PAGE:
Can it be that the adult eye can change color? Specifically my question is about a unilateral color change, such that the color of one eye remains constant, while the other changes color over time. Can this happen? Or can it be related to light-scattering, or an illusion of some sort?

  • 2
    $\begingroup$ At any rate, personal medical questions are off-topic on Biology.SE. Please consult a medical professional for your particular situation. $\endgroup$
    – MattDMo
    Nov 23, 2014 at 21:41

2 Answers 2


Short answer: The genes that encode eye color do not change, but the pigments in the eye can change due to external factors like diseases of medication.

Long answer: Yes, it is possible that the eye color of adults can change, and it can also only happen to one eye. It is then called Heterochromia. There are two possibilities for different colored eyes, either congenitial (genetic) or acquired. Since you ask only for eye color changes in adults, we can skip here the genetic reasons, as these show up in kids already. If you are interested in them, have a look into the Wikipedia article on Heterochromia.

The basis for our eye color is genetically determined, changes can later occur due to diseases (so if one experiences a change in eye color, it is always a good idea to consult a doctor) and also due to medications.

The eye undergoing a change in pigmentation can either lighten up or darken.

Fuchs’ Heterochromic iridocyclitis: (also known as Fuchs’ Heterochromic uveitis) The change is caused by an eye infection with different microorganisms like Toxoplasma gondii, Herpes simplex virus or Rubella (an probably others) but it can also have an autoimmune pathology. See reference 1 and 2 for more details.

Horner's Syndrome: This is a syndrome which mostly occurs in kids after damages to some nerves. This can lead to insufficient signals towards the pigment production and heterochromia. Rarely this can occur also in adults, where this is called acquired Horner's syndrome, see reference 3 for details.

Pigmentary Glaucoma: In this disease (also known as Pigment dispersion syndrome) pigment cells from the back of the iris float are seperated from the original place and float through the aqueous humor of the eye where they can produce pigment which over time changes the appearance of the eye. See reference 4 for more details.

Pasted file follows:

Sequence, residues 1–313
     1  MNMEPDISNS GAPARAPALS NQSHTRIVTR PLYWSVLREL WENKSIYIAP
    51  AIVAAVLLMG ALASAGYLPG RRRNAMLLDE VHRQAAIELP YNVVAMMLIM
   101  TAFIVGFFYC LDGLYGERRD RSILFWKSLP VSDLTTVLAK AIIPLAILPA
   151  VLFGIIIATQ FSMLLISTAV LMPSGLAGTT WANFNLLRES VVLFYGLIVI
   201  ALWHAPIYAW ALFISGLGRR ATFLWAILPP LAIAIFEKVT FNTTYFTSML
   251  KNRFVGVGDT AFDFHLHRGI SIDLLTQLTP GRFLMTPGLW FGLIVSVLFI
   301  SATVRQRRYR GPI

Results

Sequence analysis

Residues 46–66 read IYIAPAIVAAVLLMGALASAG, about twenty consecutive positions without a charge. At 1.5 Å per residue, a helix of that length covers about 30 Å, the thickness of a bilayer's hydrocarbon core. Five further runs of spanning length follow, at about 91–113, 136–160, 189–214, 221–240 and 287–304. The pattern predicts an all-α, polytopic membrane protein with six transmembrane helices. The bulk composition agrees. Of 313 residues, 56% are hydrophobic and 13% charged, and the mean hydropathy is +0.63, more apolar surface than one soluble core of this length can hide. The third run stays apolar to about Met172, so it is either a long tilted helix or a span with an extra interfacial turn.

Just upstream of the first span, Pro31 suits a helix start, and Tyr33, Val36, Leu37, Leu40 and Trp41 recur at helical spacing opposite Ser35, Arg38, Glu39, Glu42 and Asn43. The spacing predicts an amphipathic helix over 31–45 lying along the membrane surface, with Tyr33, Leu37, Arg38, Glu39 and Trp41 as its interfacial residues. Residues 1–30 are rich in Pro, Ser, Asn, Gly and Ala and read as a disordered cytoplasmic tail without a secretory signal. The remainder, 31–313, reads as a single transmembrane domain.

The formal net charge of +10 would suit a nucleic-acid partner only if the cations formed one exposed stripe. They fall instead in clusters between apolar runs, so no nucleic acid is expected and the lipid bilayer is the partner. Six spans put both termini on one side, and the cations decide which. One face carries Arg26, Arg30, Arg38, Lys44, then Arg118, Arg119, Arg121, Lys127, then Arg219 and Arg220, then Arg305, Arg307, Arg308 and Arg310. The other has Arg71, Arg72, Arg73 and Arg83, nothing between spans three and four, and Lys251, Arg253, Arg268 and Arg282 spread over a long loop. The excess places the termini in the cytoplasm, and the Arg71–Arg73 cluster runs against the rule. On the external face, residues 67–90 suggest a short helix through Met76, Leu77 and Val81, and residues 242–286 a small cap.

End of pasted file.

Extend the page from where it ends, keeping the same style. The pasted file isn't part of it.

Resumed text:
Medications: Some of the medications against glaucoma (the prostaglandins latanoprost and bimatoprost) can cause a deeper pigmentation which will not always diminish after the end of the treatment. See reference 5 for more details.

Cancers: Some cancers as melanoma can also cause heterochromia, either when they are darker pigmented that the eye or when they are not pigmented. In both cases they influence the eye color. See reference 6 for more details.


  1. Fuchs' heterochromic cyclitis: review of the literature on the pathogenetic mechanisms.
  2. Associations of Fuchs heterochromic iridocyclitis in a South Indian patient population
  3. Acquired Heterochromia with Horner's Syndrome in Two Adults
  4. Pigment dispersion syndrome and pigmentary glaucoma – a major review
  5. Incidence of iris colour change in latanoprost treated eyes
  6. Diffuse iris melanoma: Report of a case with review of the literature
  • $\begingroup$ tl;dr The genes that encode eye color cannot change, but the pigments can change due to environmental factors like medicines or disease. $\endgroup$
    – jhocking
    Nov 24, 2014 at 13:37
  • $\begingroup$ Short answer: Yes. :-) $\endgroup$
    – Chris
    Nov 24, 2014 at 14:02
  • $\begingroup$ you think my summary is worth editing to the top of your answer? I don't have the rep for that $\endgroup$
    – jhocking
    Nov 24, 2014 at 15:30
  • $\begingroup$ I can do that, probably not a bad idea. $\endgroup$
    – Chris
    Nov 24, 2014 at 15:41
  • $\begingroup$ It should be noted that the opposite can also occur in an acquired manner: one iris can become paler. $\endgroup$ Nov 25, 2014 at 3:25

To add what the previous answer did not: not only medicines and disease change the color of your eyes. Aging does that too in most (if not all!) people. Pigmentation is usually lightest in utero and right after birth. Melanin accumulates over time and makes the hair and eyes darker.

This is why many people are born blond (or green/blue-eyed) and become brunette (or brown-eyed) over a period in their lives. It can take days - usually as a baby - or decades, depending on the individual. The rate is determined genetically, i.e. it does not, for instance, depend on how much exposure to the sun you get. Melanin in the skin can do that.


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